ALBUQUERQUE — Zachary Milton Hess, 20, of Las Cruces was sentenced Wednesday afternoon in federal court to five years of probation for his conviction on a misdemeanor charge of being an accessory after the fact to the interstate transmission of an extortionate communication.
Hess also was ordered to pay $77,934 in restitution to the university.
Hess was arrested Aug. 25, 2014, on a criminal complaint charging him with sending in interstate commerce a threat to shoot up his college campus. According to the criminal complaint, on May 27, 2014, an individual anonymously threatened to “shoot [his] college campus up in 3 days” and identified his college as New Mexico State University (NMSU) while “chatting” on an Internet website.
The threat subsequently was posted on to NMSU’s Facebook page and was passed onto law enforcement, including the FBI. The FBI’s investigation revealed that the IP address from which the threat was posted was subscribed to Hess’s residence.
An examination of Hess’s computer revealed that it had been used to visit the website on the same date and time on which the threat was posted. The criminal complaint states that NMSU expended significant resources in responding to the threat.
Among other things, NMSU officials informed approximately 18,774 students, facility, staff and private citizens about the anonymous threat; advised students, faculty and staff to depart the campus; and shut down its new student registration process.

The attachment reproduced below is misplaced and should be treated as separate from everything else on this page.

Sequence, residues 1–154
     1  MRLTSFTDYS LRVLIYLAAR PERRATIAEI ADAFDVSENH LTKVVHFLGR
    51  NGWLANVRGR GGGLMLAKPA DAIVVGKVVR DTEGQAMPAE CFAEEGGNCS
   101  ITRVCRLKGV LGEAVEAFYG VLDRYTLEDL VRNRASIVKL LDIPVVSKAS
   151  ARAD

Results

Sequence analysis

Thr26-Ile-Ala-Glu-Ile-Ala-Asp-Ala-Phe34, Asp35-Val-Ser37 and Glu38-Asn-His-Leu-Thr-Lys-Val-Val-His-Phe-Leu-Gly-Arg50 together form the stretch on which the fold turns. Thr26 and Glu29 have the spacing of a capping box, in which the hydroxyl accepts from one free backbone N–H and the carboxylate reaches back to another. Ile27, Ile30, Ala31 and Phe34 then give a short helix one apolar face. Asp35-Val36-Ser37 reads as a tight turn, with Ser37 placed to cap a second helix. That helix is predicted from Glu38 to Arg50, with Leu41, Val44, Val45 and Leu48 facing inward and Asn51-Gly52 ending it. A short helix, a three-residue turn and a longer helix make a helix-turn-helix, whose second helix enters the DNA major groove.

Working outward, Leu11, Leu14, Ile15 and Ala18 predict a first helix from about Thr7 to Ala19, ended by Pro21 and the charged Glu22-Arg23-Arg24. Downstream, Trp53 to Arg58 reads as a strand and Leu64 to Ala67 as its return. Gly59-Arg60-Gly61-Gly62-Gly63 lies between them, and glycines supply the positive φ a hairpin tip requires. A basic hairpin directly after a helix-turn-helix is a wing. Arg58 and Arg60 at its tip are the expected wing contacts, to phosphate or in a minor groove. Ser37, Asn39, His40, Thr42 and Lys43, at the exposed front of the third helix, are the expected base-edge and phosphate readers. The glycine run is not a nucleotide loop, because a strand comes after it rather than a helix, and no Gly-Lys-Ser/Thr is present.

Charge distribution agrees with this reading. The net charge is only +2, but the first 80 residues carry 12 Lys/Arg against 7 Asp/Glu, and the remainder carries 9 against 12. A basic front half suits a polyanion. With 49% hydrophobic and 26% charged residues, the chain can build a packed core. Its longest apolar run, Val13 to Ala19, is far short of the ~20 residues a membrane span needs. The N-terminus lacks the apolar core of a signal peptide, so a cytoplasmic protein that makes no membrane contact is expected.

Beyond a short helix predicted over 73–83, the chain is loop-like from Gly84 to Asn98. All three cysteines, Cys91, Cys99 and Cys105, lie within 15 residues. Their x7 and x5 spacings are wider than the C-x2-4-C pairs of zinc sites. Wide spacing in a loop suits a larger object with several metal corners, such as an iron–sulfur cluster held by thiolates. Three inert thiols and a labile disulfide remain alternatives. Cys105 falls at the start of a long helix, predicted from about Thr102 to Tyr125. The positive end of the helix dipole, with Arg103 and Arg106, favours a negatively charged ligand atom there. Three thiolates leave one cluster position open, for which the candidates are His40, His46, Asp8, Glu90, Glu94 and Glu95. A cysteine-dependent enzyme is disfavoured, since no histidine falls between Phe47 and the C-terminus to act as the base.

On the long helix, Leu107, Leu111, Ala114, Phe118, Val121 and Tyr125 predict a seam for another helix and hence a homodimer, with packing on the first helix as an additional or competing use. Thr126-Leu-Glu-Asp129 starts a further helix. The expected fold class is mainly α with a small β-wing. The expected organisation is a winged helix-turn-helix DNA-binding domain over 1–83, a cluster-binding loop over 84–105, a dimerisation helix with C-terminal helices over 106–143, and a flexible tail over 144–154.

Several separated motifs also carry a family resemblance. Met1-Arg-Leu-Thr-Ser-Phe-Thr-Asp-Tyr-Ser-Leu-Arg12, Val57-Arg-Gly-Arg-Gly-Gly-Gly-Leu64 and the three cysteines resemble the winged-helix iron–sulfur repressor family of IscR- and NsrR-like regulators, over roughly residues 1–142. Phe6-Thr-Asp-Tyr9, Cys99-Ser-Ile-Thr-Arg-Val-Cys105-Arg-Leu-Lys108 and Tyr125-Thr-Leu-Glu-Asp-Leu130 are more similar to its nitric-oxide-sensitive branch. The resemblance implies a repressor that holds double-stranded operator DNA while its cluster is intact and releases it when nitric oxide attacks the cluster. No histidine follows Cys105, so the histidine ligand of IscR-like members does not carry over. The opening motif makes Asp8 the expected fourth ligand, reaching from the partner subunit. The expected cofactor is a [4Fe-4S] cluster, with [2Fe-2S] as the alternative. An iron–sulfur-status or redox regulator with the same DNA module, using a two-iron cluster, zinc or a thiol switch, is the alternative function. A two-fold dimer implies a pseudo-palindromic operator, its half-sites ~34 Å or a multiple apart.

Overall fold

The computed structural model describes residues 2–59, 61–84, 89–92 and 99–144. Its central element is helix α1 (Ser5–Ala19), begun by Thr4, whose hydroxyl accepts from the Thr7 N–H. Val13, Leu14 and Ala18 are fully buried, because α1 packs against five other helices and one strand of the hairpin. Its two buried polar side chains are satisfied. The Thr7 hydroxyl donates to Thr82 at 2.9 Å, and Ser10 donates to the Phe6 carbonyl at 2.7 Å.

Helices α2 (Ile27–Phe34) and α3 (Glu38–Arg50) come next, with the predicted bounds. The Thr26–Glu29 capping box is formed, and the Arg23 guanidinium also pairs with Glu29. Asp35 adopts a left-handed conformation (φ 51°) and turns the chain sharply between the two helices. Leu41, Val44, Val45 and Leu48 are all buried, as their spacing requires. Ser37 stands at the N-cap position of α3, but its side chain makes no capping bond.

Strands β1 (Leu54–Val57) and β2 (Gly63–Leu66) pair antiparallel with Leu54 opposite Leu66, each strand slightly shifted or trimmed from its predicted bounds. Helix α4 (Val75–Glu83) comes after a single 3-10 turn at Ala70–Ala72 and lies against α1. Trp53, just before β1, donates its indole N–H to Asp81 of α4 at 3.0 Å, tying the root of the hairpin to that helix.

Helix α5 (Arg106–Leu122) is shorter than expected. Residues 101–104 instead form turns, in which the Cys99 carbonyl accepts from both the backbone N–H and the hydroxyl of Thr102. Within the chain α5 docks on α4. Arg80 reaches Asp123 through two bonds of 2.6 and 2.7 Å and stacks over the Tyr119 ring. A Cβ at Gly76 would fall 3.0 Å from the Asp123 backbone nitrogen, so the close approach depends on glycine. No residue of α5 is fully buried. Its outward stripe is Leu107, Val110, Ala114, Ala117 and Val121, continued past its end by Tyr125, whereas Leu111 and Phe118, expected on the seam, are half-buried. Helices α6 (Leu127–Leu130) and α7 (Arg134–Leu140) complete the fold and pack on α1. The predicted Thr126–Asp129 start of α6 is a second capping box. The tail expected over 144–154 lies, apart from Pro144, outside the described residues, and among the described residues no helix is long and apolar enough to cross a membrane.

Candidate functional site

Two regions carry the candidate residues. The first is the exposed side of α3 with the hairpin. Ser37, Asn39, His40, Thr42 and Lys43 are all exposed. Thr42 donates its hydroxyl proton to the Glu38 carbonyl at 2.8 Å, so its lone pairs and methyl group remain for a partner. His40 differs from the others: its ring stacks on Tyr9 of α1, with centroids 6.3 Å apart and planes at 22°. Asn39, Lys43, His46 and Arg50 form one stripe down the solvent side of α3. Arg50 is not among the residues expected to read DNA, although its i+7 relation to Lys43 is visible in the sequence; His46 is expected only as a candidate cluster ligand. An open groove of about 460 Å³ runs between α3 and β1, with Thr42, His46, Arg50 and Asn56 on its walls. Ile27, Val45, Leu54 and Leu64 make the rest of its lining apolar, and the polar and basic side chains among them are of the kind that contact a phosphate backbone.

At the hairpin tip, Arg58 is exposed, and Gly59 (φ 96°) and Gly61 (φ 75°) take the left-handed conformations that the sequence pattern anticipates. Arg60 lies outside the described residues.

NMSU lost approximately 1,000 staff hours in responding to the threat.
On March 18, 2015, Hess pled guilty to being an accessory after the fact to the interstate transmission of an extortionate communication. In his plea agreement, Hess admitted that on May 29, 2014, he knew that communications had been sent over the Internet making threats to shoot up NMSU and that he assisted in hindering the investigation into the threats.
This case was investigated by the Las Cruces office of the FBI and the NMSU Police Department, and is being prosecuted by Assistant U.S. Attorney Marisa A. Lizarraga of the U.S. Attorney’s Las Cruces Branch Office.